Over the past week, with Prime Minister Benjamin Netanyahu facing intensifying accusations of corruption in five separate cases he appears to be implicated in, ultra-Orthodox coalition parties have threatened to vote down the 2019 budget unless legislation is approved exempting members of their community from the military draft.
In response, Finance Minister Moshe Kahlon has threatened to quit his post if the budget isn’t passed by next week, and Defense Minister Avigdor Liberman has insisted his party will not fold to the demands of the ultra-Orthodox.
Before leaving Israel on Saturday for a five-day trip to Washington and New York, Netanyahu told reporters, “There is no reason for us to go to early elections, and with good will that will not happen.”
He predicted the government would survive through November 2019, when elections are currently scheduled to be held.
By Tuesday he appeared less optimistic, with senior government sources close to the prime minister saying he wasn’t interested in a short-term, partial fix, and could seek a snap vote if a long-term solution was not found.
“Netanyahu’s goal at the moment is a government that serves its term to the end,” a source told Hebrew news outlets. “There is no point in a government that will fall apart in May. Therefore, without an agreement that guarantees the government’s longevity, there is no choice but to go to elections.”
Several of Netanyahu’s coalition partners have claimed he is in fact behind the gridlock, and opposition lawmakers have accused him of trying to precipitate elections to save himself from the corruption probes.
Here are a few reasons why they may be right and why, if so, Netanyahu doesn’t want the public to know.
1. Netanyahu could probably solve the coalition crisis if he wanted to
Failure to pass a state budget by the end of March would normally automatically bring down the government. But with the 2018 budget approved months ago, Kahlon is demanding that the 2019 fiscal plan be approved before a six-week Knesset recess begins March 18, a move with no apparent immediate urgency.
The same is true of the ultra-Orthodox demands. The Supreme Court last year threw out a law exempting ultra-Orthodox men engaged in religious study from military service, on the grounds that it undermined the principle of equality before the law. Without a new law, conscription would automatically apply to everyone, but the court said the government has until September to re-legislate the law.
Some observers have suggested that Netanyahu has entirely manufactured the crisis, having already promised both Kahlon and the ultra-Orthodox parties a place in his next coalition if they help him spur elections. Others, including the head of the United Torah Judaism party, Yaakov Litzman, say that the standoff is real but Netanyahu is making no effort to end it.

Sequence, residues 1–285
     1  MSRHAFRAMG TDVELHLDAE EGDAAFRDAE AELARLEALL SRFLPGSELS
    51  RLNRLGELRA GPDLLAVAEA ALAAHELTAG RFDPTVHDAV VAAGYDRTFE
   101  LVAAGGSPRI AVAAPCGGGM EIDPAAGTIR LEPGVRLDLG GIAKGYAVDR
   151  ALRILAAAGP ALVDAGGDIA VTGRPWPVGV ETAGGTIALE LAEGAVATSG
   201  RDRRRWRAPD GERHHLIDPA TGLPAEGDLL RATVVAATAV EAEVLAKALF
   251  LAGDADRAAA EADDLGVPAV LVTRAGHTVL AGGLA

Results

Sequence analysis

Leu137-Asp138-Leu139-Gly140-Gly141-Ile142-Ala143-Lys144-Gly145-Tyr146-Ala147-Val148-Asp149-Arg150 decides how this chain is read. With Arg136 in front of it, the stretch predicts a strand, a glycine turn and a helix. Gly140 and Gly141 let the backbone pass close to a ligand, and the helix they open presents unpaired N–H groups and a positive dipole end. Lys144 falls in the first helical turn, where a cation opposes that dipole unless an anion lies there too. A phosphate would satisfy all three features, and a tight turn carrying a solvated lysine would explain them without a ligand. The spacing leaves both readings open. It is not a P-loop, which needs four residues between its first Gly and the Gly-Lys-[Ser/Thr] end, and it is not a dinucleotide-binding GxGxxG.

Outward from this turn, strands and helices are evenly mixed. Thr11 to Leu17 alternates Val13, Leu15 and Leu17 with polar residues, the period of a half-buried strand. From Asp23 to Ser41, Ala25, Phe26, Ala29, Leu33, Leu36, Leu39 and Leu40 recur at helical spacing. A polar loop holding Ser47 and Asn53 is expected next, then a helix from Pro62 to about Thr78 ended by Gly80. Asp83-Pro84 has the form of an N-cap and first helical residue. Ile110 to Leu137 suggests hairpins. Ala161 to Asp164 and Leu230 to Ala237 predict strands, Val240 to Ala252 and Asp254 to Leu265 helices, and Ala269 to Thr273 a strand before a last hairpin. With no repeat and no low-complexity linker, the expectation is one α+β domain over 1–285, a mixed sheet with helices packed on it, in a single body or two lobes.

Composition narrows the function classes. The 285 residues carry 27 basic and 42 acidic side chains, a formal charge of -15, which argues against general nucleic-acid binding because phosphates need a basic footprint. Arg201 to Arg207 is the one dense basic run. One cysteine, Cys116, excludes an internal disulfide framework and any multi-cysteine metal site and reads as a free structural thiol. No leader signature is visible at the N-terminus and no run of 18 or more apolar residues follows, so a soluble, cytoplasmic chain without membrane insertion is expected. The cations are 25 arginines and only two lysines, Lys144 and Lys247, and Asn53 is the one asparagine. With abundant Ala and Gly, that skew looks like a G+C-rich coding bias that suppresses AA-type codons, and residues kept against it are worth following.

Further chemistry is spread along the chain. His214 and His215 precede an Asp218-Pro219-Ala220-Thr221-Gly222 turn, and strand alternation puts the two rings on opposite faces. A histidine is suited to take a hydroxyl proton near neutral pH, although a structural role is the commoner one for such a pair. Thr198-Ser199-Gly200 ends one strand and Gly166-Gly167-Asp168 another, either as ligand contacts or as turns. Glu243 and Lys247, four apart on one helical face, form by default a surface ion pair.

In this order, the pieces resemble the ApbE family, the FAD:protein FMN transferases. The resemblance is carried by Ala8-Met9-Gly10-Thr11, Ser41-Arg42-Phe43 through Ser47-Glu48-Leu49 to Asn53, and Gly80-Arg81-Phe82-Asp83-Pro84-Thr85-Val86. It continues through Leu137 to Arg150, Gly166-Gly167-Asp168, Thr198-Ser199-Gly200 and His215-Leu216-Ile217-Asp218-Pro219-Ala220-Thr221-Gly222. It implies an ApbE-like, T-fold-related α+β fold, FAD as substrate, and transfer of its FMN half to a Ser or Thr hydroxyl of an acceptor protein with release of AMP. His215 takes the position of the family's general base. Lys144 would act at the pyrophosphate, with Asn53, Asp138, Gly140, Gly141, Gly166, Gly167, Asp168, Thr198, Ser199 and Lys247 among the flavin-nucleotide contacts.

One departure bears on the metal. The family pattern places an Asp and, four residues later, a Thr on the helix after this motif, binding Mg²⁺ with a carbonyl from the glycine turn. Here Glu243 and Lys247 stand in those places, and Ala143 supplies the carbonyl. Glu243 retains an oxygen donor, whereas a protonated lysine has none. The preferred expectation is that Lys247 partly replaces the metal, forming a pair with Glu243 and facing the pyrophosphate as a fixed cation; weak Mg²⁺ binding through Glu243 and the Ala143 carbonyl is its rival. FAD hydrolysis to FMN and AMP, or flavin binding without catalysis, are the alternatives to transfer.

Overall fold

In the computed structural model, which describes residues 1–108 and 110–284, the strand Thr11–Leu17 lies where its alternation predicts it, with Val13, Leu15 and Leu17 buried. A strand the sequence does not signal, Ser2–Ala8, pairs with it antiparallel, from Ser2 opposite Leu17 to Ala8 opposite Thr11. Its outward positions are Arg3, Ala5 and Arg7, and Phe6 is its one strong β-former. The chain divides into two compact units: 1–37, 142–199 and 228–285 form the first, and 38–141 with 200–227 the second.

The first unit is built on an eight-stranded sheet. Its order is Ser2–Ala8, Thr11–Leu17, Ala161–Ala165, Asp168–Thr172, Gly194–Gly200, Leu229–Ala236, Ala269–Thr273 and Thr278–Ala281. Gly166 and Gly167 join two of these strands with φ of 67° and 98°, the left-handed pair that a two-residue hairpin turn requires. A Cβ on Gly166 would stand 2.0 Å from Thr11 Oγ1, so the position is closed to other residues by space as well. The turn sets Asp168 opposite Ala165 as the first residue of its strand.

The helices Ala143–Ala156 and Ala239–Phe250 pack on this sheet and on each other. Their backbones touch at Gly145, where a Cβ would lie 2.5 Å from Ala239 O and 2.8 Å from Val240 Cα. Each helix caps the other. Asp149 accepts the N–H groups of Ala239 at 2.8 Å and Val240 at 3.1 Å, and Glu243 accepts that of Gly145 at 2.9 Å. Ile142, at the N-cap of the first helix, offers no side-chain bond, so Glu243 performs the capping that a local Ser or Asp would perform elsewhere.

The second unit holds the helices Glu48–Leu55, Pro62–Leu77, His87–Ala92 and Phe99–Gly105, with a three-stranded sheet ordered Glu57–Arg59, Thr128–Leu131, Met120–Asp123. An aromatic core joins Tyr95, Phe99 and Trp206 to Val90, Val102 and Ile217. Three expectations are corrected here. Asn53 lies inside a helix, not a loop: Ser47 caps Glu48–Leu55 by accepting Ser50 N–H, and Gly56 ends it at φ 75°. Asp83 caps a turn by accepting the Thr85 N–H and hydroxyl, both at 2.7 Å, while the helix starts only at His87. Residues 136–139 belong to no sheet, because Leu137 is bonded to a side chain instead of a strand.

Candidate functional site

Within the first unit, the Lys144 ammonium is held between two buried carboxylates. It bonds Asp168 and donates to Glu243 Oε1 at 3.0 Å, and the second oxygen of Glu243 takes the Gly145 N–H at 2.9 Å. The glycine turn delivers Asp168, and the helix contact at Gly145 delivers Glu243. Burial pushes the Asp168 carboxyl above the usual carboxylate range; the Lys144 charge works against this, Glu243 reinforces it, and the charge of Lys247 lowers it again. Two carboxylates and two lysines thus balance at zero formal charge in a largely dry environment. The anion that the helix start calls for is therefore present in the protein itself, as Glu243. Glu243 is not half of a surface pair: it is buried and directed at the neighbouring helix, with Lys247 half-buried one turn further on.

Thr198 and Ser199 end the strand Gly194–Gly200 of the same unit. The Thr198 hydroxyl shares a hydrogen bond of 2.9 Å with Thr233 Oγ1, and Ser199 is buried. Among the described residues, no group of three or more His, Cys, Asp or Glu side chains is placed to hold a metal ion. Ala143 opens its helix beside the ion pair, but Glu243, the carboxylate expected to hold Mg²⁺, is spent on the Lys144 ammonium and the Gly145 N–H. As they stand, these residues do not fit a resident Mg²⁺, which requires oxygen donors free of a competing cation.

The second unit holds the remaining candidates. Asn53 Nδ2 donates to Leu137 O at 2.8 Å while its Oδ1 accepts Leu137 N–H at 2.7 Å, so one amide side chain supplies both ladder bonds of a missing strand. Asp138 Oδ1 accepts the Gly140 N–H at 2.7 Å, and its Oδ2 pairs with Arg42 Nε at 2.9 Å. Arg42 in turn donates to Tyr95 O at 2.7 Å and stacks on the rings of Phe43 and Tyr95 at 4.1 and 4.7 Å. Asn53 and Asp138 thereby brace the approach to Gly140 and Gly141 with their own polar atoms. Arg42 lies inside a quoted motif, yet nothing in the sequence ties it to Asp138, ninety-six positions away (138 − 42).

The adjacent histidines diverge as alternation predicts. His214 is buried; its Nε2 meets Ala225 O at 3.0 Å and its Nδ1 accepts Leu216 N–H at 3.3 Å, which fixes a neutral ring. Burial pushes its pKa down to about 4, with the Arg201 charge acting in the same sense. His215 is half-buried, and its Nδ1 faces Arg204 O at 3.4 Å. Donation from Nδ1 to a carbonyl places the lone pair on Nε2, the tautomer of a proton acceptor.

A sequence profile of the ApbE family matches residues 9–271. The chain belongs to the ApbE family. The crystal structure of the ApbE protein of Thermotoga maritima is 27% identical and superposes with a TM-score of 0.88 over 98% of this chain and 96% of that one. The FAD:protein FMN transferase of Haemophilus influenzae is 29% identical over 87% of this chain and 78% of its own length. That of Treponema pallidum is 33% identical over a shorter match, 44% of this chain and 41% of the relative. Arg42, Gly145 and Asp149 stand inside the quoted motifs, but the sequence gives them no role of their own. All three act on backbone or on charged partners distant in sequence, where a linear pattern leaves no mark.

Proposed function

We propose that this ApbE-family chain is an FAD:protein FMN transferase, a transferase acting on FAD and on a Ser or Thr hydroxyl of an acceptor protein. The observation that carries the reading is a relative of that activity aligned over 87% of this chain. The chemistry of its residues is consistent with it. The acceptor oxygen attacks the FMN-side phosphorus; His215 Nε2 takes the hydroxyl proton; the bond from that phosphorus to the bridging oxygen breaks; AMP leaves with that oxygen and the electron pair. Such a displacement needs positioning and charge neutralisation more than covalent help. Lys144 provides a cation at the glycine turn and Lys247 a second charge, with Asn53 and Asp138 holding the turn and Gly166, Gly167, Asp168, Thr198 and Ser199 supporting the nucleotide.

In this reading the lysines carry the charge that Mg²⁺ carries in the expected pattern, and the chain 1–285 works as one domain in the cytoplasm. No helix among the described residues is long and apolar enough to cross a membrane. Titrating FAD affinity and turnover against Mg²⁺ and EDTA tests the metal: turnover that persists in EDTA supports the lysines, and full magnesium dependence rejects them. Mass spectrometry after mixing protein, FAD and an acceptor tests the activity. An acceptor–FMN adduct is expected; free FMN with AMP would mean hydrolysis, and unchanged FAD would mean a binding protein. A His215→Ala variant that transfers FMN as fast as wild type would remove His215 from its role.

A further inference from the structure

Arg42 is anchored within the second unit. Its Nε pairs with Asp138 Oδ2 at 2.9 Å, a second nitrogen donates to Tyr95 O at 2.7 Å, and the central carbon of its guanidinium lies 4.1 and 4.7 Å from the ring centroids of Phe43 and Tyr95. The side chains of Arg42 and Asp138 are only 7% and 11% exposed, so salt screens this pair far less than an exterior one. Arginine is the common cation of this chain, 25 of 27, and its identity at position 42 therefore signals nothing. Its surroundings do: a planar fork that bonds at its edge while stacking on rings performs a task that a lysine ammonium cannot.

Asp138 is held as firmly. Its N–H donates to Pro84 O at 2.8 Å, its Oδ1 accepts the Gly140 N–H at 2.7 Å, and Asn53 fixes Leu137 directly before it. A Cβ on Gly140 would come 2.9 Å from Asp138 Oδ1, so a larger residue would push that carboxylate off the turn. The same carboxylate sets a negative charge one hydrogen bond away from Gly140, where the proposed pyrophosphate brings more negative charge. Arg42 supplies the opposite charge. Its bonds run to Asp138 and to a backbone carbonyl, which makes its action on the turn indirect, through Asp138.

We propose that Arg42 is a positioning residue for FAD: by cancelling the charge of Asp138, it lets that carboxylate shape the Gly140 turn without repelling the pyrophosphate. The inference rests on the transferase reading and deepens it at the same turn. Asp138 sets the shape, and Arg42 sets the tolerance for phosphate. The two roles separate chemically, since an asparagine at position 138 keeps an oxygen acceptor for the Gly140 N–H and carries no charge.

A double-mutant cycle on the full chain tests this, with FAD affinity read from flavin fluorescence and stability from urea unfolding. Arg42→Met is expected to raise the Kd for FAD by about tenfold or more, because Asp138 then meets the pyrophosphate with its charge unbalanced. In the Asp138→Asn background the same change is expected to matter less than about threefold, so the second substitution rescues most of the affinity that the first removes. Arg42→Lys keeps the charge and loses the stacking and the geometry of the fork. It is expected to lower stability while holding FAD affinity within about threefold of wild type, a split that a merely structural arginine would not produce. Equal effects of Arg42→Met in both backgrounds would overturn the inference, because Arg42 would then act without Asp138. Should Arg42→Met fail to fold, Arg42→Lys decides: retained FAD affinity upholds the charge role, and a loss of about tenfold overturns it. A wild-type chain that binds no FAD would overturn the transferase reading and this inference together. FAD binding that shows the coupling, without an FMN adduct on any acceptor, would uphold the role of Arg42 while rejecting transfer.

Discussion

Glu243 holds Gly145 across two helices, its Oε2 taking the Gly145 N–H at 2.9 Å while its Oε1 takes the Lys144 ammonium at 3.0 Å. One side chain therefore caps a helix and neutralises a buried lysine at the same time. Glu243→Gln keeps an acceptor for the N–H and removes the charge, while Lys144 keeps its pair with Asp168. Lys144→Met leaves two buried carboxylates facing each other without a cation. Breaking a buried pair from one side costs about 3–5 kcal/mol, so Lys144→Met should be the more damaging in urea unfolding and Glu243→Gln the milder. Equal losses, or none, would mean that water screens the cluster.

If Netanyahu wanted, several coalition members say, he could ask Kahlon to ease his self-imposed deadline or promise the ultra-Orthodox leadership a vote on a compromise conscription bill immediately after the budget passes.
On the face of it, the so-called crisis appears fairly easy to solve, at least with enough political will from Netanyahu.
2. Accusations not going away, but elections could delay indictment
Netanyahu may have escaped his legal troubles this week for the duration of his visit to the United States, but his problems are not going anywhere, with police still pursuing five separate corruption probes linked to him.
They have recommended indicting him for bribery, fraud and breach of trust in two of those probes, accusing him of involvement in six different different fraudulent schemes. And in the other investigations, several of his closest aides and allies have been arrested, with two loyalists turning state’s witness against him in recent days.
His Likud defenders are right in their retort that the recommendations and ongoing probes have no legal standing at this stage, and only a decision by Attorney General Avichai Mandelblit to press charges could force the prime minister out of office. But Netanyahu’s mantra of “there will be nothing because there is nothing” seems to have been crushed by the weight of the accusations, and many observers predict that Mandelblit will, eventually, have no choice but to indict.
An election campaign, however, would likely delay any legal proceedings until after a new government was sworn in. While numerous police investigations of public officials have been carried out in the lead-up to elections, Israel’s attorney general has never indicted a politician running for office during a campaign.